The first session of this semester’s Race to the Wall took place today, in which teams from DT066 attempted the task. Teams from DT009 will attempt the task for the first time this Friday (10:00-16:00). Their results will be interleaved with those shown below.
Teams from DT066 who have not already recorded a time are welcome to attempt the task this Friday or during next Wednesday’s class. However, because DT066 teams who complete the challenge any time after today are doing so late, they must be ranked below all the teams who validated for size and weight and recorded a time today. Please note that this does not apply to DT009 teams who complete the challenge on Friday, since that will be their first opportunity.
The current ranking stands as follows:
|2||Out of the Box||Y||Y||5.069|
|7||TED (The Extreme Danger)||Y||Y||15.397|
Well done to all the teams who completed the challenge today!
Teams who wish to get parts laser cut for their robot can still send me drawings and I’ll do my best to facilitate them. However, I’m not sure exactly when I’ll have access to the laser cutting machine and when I won’t, so please don’t send drawings at the very last minute and expect them to be cut immediately.
File format for laser cutting
- If you’re drawing your pieces in AutoCAD, the easiest file format for me to work with is DXF.
- If you’re drawing your pieces in Inkscape, the easiest file format for me to work with is the native SVG file format.
- Please send me a single file (either SVG or DXF) containing all of the parts you want cut. Please don’t send a separate file containing each part, because that makes it very labour intensive for me.
- Your drawing should contain only very thin black lines. There should be no filled shapes – just thin lines on a blank background. The laser simply cuts every line in the drawing.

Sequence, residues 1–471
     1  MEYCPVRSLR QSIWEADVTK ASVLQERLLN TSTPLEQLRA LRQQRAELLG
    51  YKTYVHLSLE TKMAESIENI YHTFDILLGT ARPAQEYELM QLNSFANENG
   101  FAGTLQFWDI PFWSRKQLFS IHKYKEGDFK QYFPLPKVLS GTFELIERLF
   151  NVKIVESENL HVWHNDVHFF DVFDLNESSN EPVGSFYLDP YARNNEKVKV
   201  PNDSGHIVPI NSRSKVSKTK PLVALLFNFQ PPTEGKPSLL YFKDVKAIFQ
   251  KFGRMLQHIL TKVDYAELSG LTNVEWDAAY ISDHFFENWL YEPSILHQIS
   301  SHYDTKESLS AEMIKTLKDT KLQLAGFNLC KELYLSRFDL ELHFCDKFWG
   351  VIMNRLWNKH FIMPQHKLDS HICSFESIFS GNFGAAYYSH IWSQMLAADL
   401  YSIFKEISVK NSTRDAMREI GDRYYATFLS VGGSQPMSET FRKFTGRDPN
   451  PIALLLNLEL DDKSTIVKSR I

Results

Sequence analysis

- Do not include dimension labels or other markings that you don’t want cut out because the laser will cut out these shapes also.
- We are not offering you the option of engraving at this point because it takes a long time on the machine and makes the process more inconvenient for me.
- The individual pieces in your drawing should be closely packed so that a minimal amount of material is wasted in between parts. I’m including an image of my drawing below to explain what I mean.
Some useful tips:
- Your pieces will be cut from 3mm thick acrylic sheet. The sheets we have in stock all seem to be clear coloured, so keep in mind that the laser at the finish line of the Race to the Wall may pass through it.
- If you’re the person who has been given the job of drawing the laser cutting plans for your team’s robot, please ask your teammates to review the drawings with you before you get them cut out. Extra pairs of eyes make it easier to spot errors or oversights in advance.
- Another great way to verify that your pieces will fit together the way you expect is to print them out at their actual size on a normal sheet of A4 paper, then stick it down on an A4 piece of 3mm foam board. If you then cut it out very carefully using a craft knife and a metal ruler, you can produce an excellent working replica of each piece. Cutting out curves is tricky, but straight lines can be cut very accurately with care, which allows you to test interlocking pieces. This is exactly what I do myself when I’m planning a design at home.
- You can buy ten A4 pieces of 3mm foam board for €10 in Eason’s stationery shop on Nassau St (formerly Reads of Nassau St).
- Depending on the design of your robot, you may even find that your foam board prototype is good enough to complete the Race to the Wall!
- If you need to laser cut gears for your robot, Inkscape has a really great tool for drawing them. Go to “Extensions menu -> Render -> Gear…”. There are a couple of good tutorials on YouTube for using this gear tool.
- If you want to make very precisely fitting parts, remember that the kerf (the width of the laser cut) is approximately 0.1mm. Roughly speaking, this means that the laser removes material 0.05mm either side of the line it follows. For most purposes, you don’t really need to worry about this, but in some instances it can be significant.